Ladies' Home Journal 125th Anniversary: Working

Working women have been on Ladies' Home Journal's radar from our inception in 1883, when female employees made up about 20 percent of the labor force, through today, when they constitute 60 percent of it. We've reported on the types of jobs deemed appropriate for women and whether their working hurt their children and marriages. During national crises, such as the depressions of the 1890s and the 1930s and two World Wars, we published articles showing how to find jobs or start businesses. Over the years opportunities burgeoned, but the debate over how to balance work and family remains to this day.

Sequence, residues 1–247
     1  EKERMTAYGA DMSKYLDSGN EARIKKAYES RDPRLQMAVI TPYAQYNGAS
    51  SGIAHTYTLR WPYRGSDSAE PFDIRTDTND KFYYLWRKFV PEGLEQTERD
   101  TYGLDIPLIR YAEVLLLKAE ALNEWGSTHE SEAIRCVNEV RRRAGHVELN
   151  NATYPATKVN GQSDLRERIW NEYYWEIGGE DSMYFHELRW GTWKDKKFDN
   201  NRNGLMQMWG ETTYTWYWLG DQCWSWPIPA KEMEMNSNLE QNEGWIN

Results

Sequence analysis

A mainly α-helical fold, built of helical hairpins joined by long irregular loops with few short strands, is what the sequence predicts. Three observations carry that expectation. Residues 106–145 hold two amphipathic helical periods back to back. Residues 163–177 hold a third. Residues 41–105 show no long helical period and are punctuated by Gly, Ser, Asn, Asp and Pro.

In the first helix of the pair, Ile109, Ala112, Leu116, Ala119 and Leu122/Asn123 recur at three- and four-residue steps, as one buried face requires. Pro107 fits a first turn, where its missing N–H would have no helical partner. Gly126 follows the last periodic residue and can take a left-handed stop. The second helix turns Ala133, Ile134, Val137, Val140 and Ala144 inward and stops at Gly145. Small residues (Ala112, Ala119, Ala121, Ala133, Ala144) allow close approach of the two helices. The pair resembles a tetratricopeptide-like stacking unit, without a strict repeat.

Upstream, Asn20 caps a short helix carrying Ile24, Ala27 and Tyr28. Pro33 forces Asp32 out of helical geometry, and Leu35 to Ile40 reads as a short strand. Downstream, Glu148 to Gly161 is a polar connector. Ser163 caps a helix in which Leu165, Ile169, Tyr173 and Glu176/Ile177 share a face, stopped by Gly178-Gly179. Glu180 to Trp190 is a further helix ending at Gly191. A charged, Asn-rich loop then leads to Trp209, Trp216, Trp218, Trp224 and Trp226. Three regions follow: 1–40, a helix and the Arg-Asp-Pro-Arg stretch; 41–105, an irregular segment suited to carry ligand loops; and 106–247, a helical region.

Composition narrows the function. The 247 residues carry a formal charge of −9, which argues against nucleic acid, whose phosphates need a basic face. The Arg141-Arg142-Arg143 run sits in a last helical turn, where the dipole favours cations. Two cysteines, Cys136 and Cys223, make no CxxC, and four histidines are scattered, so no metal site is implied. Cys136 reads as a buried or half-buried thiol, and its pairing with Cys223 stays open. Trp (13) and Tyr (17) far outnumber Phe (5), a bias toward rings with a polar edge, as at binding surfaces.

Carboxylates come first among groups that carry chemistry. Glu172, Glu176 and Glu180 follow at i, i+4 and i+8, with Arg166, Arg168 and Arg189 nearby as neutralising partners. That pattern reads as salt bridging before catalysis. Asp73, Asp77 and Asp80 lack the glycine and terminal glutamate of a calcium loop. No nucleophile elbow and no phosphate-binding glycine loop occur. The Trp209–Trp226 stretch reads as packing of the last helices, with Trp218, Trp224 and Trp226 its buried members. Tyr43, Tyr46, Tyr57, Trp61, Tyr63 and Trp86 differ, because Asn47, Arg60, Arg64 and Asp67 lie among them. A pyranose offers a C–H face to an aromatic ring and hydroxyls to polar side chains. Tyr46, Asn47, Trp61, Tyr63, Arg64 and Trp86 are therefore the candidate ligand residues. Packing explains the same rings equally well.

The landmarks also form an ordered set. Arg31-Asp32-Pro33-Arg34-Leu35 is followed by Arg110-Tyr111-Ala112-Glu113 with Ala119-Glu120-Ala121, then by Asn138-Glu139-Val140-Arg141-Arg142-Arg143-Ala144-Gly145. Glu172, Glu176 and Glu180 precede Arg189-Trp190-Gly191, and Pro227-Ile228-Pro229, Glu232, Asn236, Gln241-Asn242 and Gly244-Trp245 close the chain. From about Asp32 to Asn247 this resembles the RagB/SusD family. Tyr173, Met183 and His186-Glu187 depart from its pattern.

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War Work Cover 1917
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War Work

During both World Wars, women moved into jobs here at home that men had vacated and even served at the front as nurses. Life was "so completely changed" as a result, the magazine observed in 1917, it soon began to run articles for newly independent readers, explaining, for example, the art of driving a car. Though some women were laid off after both wars, female employment levels overall continued to climb.

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